AUSTIN — It was a mad scene once Kermitria Ward’s last strikeout zipped into Kelley Schaefer’s glove for the final out.

There was a dogpile, dancing and plenty of joyful embraces.

In the middle of the championship milieu was Sherry Rogers, no longer attempting to hold back the flood of emotions damming up since she announced her retirement from the Midway softball team earlier this year. The Midway skipper with more wins than any other coach in Texas softball history ended her career perched on the mountain top.

Win No. 486 may have been her last, but it was undoubtedly one of the sweetest.

Kermitria Ward pitched a no-hitter from the circle Saturday, and she drove home the winning run in the top of the eighth inning to hand Midway a 1-0 Class 4A championship game victory over Magnolia at McCombs Field.

The state title is Rogers’ second with Midway (36-5-1), the other one coming in 1998. On the eve of her retirement, which was coming after the game win or lose, her second state title was the perfect ending to a storybook career.

“I’ve been to the movies a lot, and I haven’t seen (a better story). Maybe Blindside; that was pretty amazing,” said Rogers, who patrolled Midway’s third-base line for 18 years. “But other than that, this is the greatest way to finish. Oh my gosh, what a script.”

Much of it was authored by Ward’s do-everything performance against Magnolia (33-13), which earned her the tournament MVP award. Her enigmatic rise ball was particularly sharp Saturday, and she ran her season record to 30-1 by going eight superb innings and striking out 15 batters. She only faced 27.

Her no-hitter was the 11th in the history of the UIL state softball tournament, and the first in 4A since 1997.

“It was not easy,” Ward said. “We had to think about the pitches we were throwing, and we had to throw them. I couldn’t have done it without the defense, they were great, and we just had fun out there.”

In essence, Ward scrabbled together one of her best pitching performances and accounted for the lion’s share of Midway’s offense.

She had two of the team’s four hits, and her RBI to left center in the eighth set off the Midway cheering section in loud celebration.

The game slogged through seven completely defensive-minded innings before Ward’s theatrics. Finally, in the eighth inning, Midway got a break.

Sydney Watson drilled a sharp grounder to second, but Magnolia’s Emily Cox bobbled the ball and Watson took first base, Midway’s first base runner since the fourth inning. A batter later, Monique Miller reached first thanks to a ball that flew past the first baseman, and the runners advanced to second and third base with a single out.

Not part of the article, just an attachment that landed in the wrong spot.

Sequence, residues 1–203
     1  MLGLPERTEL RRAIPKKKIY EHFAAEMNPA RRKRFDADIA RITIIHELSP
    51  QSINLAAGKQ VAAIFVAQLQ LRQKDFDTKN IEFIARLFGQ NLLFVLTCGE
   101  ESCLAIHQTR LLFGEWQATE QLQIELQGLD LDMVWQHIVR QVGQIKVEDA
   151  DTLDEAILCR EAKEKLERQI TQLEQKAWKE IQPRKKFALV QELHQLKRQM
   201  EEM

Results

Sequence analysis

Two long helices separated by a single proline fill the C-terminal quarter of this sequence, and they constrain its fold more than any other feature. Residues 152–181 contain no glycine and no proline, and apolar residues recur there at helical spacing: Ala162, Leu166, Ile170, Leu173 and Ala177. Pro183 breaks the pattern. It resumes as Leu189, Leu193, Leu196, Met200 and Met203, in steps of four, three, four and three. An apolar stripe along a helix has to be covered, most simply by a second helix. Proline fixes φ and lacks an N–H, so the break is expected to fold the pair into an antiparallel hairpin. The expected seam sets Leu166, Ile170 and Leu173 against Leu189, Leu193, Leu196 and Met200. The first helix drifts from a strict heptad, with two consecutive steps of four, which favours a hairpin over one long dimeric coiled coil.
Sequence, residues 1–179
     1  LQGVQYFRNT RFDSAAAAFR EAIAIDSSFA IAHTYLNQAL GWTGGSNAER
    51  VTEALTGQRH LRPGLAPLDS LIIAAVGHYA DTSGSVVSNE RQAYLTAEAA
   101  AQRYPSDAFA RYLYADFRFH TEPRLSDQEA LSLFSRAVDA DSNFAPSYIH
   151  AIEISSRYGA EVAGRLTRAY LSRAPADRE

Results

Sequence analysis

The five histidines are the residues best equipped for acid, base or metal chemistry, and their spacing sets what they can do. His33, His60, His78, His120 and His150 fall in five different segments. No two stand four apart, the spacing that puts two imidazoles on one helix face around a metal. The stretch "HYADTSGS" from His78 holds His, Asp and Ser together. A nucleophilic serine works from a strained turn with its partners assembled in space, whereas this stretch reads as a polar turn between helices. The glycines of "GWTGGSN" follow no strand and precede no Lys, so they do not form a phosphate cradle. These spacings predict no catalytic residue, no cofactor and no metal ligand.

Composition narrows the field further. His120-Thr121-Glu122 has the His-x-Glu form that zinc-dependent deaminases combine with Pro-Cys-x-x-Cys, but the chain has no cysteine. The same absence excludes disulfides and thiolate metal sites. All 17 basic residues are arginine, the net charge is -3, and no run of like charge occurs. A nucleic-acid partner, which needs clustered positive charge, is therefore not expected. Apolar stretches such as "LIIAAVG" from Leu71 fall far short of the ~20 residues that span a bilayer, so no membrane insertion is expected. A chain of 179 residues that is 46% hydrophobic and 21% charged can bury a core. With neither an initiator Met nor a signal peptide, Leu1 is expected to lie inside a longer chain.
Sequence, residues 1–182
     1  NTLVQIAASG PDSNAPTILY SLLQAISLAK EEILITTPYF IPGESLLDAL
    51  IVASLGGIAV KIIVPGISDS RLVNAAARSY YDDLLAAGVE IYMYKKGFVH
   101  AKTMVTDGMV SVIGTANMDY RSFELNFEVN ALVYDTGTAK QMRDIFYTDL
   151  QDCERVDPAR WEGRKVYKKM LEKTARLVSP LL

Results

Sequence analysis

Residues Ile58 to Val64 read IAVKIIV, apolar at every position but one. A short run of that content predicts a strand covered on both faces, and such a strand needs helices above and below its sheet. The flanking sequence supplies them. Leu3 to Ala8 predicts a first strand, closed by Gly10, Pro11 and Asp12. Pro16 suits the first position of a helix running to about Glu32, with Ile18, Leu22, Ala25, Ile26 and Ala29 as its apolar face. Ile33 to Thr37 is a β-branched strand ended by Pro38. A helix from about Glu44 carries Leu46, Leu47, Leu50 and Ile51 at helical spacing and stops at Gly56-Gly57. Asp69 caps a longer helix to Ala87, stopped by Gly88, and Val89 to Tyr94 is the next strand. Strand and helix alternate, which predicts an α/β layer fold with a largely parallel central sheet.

That flipped the lineup back to the top of the order, which brought up Ward.

“I just swung,” Ward said. “I wanted to be the person in that position. I wanted to be the one that got the winning run.”

After fouling back Adair’s first offering, she got a meaty pitch — no small feat against Adair — and slapped the second one into left center, which fell in front of center fielder Victoria Birdwell. To be sure, Watson waited on it to fall at third base before joyously galloping home.

“At first I was like, ‘Got to tag up, got to tag up,’ ” Watson said. “But then I saw it and I knew that it was a hit, and I just took off. I wanted to hug Kermitria and just run over to her, but I couldn’t.”

That time was soon in coming. Ward mowed down the side in the bottom half of the eighth, and she finally struck out Jackie Baimbridge to start the celebration. The Pantherettes mugged for the cameras after the game and accepted their gold medals with glee.

“I was getting out of the kids’ way in the dugout, because I knew they were going to be running out,” Rogers said. “I’m someone who takes it one at a time, and when we got that first out I could taste it a little bit, I’m not going to lie.”

Ward and Adair turned the game into a mostly uneventful affair from an offensive standpoint. From the fourth through the sixth innings, they combined to set down 17 straight batters, and there were just nine total base runners all night. The extent of Magnolia’s offense came off the scraps left by Ward’s three walks. In the fourth inning, a walk to Ariel Hovis put a runner on with one out, and a sac bunt moved her to second. It was the first and only time the Lady Bulldogs got a runner that far.

For Rogers, the countless close games and extra-inning nailbiters the team endured throughout the playoffs was a blessing in disguise.

Saturday’s game marked the seventh one-run game in 11 playoff games this year. Every one of those were wins.

“Our region helped us, thank you region,” Rogers said. “They pushed us the whole way. Our district pushed us.”

It’s almost enough to make Rogers want to come back. Almost. “I’ll come back to watch,” Rogers said. “I can’t write it any better than this.”

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